Sorry for the ramble all about myself and my dog, I can easily get carried away. On the other hand, I also always feel someone deserves to know the experiance of the person they are getting their advice from. :-D
Amanda and Gwen have given excellent advice, so I have nothing to add other than to keep at it, be consistant and stay outside until he goes and make a HUGE deal about it when he does. I've never had a puppy, always large dogs that have been rescues that were never housebroken. I always do the leash at the hip and it works great. You're able to get an adult dog housebroken in three days. I'll never forget (before I knew about the keeping them leashed to you) my first morning with my German Shepherd. I woke up to him standing at the corner of my bed with his leg lifted, saturating my down comforter. :shock:
Thanks everyone again for the advice. We have been working with a trainer for the commands and such, and she has given me housebreaking tips as well, mostly what you all have had to say in a nutshell, but everyone has their own tricks that work for them and you all have given me some new ideas to try. We have not stayed outside for an hour to go potty, I do keep him leashed outside, as we are using the front yard right now, but as soon as the weather breaks I am going to use a baby pen in the back yard so he can have that confined space for a half hour or so to do his business. I honestly don't have an hour to spend outside with him, that may make me a bad "mom" to him, but I have a 4 year old human child inside who will cause a lot more ruckus than a dog piddling on the floor, lol.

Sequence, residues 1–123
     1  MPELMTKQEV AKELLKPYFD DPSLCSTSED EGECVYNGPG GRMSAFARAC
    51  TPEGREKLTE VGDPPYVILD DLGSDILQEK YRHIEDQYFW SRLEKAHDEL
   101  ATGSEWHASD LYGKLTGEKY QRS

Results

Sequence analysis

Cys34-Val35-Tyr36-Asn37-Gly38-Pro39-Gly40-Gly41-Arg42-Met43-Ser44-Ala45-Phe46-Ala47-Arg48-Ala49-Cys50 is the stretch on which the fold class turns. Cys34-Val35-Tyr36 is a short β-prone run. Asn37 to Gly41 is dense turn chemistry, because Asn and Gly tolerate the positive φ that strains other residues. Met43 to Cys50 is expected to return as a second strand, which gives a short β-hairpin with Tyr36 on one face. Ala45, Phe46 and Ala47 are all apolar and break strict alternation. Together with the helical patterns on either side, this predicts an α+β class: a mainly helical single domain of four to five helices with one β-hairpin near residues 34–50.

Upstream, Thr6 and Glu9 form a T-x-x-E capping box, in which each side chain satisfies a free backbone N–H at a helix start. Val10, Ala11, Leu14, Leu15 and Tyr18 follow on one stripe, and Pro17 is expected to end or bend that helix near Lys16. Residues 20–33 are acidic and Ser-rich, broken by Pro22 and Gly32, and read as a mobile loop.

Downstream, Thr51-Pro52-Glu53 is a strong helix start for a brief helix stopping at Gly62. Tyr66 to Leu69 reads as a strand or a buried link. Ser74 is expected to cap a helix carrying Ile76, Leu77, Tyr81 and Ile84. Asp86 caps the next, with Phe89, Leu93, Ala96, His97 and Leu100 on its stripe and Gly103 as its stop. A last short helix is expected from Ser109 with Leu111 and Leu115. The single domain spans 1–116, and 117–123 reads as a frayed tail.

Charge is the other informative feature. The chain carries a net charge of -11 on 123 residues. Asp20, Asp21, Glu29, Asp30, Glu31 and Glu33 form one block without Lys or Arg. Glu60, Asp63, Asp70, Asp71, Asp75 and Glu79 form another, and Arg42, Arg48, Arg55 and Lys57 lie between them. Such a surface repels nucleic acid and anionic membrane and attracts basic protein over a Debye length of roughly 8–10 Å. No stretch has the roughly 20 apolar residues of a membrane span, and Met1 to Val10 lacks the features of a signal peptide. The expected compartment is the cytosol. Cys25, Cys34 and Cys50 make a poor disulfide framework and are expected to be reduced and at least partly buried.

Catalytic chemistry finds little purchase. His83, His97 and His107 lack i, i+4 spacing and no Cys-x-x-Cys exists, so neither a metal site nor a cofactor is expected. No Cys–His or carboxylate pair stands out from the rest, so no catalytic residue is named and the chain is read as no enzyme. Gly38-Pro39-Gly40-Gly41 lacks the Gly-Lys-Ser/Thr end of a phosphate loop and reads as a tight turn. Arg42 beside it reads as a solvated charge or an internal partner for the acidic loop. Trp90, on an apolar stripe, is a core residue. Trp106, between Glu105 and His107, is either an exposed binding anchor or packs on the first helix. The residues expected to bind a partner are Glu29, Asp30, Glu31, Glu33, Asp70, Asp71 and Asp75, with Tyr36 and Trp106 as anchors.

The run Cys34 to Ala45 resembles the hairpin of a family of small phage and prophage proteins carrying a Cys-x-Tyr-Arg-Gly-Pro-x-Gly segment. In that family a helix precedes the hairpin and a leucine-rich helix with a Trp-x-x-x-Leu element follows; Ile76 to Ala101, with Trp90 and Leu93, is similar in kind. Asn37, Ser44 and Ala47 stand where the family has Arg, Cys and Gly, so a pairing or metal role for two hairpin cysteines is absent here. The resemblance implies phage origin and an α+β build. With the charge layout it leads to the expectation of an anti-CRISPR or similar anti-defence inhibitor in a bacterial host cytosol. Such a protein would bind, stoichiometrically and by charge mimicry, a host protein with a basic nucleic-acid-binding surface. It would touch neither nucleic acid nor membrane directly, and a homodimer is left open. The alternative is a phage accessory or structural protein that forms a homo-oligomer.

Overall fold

Hmm... 4 year old child and 9 month old lab alone inside for an hour... or clean up dog pee??? lol
My lab is great, she listens well, did great with the training class... but labs should come with warning labels like everything else does.
WARNING:::: CHEWS EVERYTHING IN SIGHT... (I knew that part, but what I didn't know was that...)
WARNING:::: CHEWS WHATS NOT IN SIGHT TOO!!! LOL :)
Thanks again for the help ladies, very glad I found this board. People who love dogs, and fish. What more could I ask for. :-D
I understand completely about not having an hour to spend, and it isnt always needed...most dogs will pee within the 20 min mark. Since he is on leash, keep him moving, walk in circles, that will encourage him to potty faster in most cases.
Glad you found us here...and good luck!!!